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Happy birthday Aston Martin 150113

Happy 100th birthday Aston Martin

By Andrew Marsh, 17.01.13
Posted in: Manufacturer Profiles | Public

On the 15th January 1913 the company Bamford and Martin was formed, assembling their first car after a series of highly successful modified Singers. That first car used a ladder chassis from Isotta-Franschini, and engine manufactured to the company specification by Coventry Simplex and a whole gaggle of parts from major suppliers. As was usual for the day, the vehicle manufacturer made a running chassis complete with radiator and engine cover, to which a customer might add bodywork commissioned from a coach builder – some of whom were still building horse drawn devices at this stage. Shortly after this first car was completed, Robert Bamford resigned from the company, transferring the shares to Mrs Martin.

It took until 1920 before the second prototype car was built with a completely different engine and ladder chassis, with manufacturing commencing in London on a tiny scale from 1921 onwards. From 1921 to 1984 just 10000 cars were built, most of which survive to this day. Consider that with the advent of the current form of Aston Martin, it took from 1884 to 2009 to build the next 40000 cars.

The name of Aston Martin is derived from the founder’s name (Lionel Martin) and one of his most successful hill climb venues at Aston Clinton in Buckinghamshire, England. Of all the company owners the most influential was Sir David Brown who not only bought Aston Martin in 1946 but also Lagonda company in 1947 to form a single company Aston Martin Lagonda. Why was Lagonda bought? Primarily to get access to a fantastic 2.58l 6 cylinder engine designed by W.O. Bentley, which was used for production Aston Martins and Lagonda models up to DB4 unveiled in 1958.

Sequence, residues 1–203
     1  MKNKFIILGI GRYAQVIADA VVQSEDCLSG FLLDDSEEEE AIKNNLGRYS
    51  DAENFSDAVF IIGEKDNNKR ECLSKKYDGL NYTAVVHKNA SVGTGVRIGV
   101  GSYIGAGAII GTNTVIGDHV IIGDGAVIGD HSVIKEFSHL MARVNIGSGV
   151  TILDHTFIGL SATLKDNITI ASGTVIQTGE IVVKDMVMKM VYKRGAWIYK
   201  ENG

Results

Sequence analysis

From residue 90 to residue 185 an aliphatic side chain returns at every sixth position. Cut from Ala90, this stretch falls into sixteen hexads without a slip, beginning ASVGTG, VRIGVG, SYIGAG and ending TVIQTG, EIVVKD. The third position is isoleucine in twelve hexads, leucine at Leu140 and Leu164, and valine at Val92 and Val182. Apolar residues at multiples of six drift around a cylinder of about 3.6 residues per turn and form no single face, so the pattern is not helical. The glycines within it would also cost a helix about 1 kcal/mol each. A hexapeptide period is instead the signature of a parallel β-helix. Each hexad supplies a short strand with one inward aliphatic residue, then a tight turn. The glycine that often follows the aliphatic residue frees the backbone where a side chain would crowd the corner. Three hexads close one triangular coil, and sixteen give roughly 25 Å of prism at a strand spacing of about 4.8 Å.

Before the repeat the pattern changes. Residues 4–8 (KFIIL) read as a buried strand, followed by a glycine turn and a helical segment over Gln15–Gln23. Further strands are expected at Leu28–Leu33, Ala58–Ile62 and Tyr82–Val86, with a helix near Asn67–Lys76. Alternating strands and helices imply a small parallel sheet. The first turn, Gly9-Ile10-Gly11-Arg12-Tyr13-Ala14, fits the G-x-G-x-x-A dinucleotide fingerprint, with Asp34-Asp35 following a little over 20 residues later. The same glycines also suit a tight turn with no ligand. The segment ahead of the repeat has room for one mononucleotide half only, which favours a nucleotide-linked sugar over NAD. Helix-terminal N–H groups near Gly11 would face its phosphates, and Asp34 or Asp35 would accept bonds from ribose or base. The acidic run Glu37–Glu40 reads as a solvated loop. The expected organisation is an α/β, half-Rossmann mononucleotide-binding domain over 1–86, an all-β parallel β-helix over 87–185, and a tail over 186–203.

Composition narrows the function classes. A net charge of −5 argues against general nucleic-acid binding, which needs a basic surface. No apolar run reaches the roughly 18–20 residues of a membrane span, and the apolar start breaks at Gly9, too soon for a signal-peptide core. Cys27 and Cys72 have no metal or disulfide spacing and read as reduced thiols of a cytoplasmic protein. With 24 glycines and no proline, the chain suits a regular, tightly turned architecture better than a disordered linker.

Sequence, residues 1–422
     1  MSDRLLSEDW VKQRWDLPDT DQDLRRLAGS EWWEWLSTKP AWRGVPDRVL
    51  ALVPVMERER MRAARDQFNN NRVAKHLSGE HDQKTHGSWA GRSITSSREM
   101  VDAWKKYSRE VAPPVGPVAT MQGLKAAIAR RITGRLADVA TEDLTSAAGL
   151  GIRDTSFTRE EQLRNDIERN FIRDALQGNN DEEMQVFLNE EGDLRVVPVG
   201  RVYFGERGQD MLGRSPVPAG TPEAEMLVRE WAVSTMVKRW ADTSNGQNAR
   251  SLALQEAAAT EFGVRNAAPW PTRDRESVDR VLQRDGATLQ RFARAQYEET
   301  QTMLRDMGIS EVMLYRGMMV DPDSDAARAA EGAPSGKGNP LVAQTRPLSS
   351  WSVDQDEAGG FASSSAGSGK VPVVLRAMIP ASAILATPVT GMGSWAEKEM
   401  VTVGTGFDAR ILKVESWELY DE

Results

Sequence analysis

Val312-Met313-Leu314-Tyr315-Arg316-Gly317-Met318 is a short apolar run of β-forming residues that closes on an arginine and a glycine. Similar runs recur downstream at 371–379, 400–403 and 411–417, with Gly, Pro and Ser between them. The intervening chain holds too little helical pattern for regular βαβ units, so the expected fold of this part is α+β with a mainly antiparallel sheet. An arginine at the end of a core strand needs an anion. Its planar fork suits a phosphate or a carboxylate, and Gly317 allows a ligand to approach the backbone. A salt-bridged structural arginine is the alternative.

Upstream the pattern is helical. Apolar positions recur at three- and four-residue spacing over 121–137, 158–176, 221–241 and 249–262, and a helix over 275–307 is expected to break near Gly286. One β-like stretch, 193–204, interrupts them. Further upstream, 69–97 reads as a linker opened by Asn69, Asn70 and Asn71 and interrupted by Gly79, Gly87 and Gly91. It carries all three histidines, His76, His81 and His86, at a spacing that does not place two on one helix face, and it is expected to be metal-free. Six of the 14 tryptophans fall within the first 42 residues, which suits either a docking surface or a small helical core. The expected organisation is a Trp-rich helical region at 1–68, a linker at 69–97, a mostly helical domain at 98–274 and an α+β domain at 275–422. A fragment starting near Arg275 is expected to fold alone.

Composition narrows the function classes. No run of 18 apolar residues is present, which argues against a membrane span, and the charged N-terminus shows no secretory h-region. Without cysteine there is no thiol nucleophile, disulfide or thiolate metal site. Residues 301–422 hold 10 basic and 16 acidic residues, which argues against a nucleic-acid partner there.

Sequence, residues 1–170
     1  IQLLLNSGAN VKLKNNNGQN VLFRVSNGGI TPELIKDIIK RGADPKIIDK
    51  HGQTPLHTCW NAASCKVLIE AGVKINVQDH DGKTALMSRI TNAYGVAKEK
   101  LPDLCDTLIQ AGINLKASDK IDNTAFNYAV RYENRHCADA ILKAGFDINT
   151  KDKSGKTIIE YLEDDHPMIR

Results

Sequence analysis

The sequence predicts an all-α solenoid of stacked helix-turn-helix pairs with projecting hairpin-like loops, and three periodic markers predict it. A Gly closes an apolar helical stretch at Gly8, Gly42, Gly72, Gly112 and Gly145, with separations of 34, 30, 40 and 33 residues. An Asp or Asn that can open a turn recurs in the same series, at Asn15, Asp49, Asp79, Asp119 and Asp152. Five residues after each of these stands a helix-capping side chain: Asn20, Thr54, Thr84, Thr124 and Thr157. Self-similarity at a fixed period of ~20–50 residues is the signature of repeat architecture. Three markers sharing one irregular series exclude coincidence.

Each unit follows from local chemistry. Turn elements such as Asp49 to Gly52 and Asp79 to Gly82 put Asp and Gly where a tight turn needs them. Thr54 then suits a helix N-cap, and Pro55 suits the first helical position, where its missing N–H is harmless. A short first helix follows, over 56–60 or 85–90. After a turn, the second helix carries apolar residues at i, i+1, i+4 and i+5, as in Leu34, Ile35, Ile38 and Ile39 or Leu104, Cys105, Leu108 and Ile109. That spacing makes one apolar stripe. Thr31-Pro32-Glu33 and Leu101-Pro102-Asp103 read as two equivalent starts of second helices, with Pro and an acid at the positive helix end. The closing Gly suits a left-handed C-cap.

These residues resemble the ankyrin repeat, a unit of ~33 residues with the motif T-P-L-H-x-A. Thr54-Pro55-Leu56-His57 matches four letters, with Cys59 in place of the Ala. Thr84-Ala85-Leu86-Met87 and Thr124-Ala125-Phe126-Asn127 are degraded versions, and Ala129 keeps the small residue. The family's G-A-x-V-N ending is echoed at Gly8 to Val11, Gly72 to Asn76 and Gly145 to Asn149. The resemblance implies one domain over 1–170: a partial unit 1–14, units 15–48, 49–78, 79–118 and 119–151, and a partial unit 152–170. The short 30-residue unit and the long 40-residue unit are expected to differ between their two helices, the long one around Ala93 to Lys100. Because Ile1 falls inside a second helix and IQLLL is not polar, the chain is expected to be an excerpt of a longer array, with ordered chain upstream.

The current company is considerably better grounded than it has been in the past – with the exception of the Sir David Brown era – but some things do not change. Ownership can be quite a shock for some customers. The vehicles are created more to be a long term member of the family than something bought on a whim – even though many of its current customers do exactly that. Whilst durability and reliability are an order better than the vehicles built even 209 years ago, they are still somewhat off the pace compared to vehicles which can be purchased for a set of Aston Martin wheels.

Aston Martin centenary celebration in Dubai 170113

An Aston Martin Vanquish was airlifted to the heli-pad of the Burj Al Arab hotel in Dubai on 17th January 2013 as part of the centenary celebrations. The heli-pad is more than 200m above sea level, and this is the first time a car has been launched from the hotel venue. © Aston Martin Lagonda Ltd

Core values of hand craftsmanship and a unique engine – as they did right from the start. Will the company survive? Without being run as a loss leader for a larger organisation (such as Bugatti in relation to Volkswagen Group, for example), it has to rely on doing more with each dollar of investment than much larger companies achieve – and maintain the aspiration magic that keeps customers coming. That is a tall order.

However the reason the company keeps going is exactly the same reason the author worked for them – no one wants to kill the company off, and most want it to aspire to ever greater heights of success. After all, it surely cannot run behind the tail pipes of Ferrari for ever?

Happy birthday.

Aston Martin centenary edition Vanquish side

Aston Martin have marked the centenary with a special edition of the AM310 Vanquish. Just 100 of these cars will be built. © Aston Martin Lagonda Ltd

 

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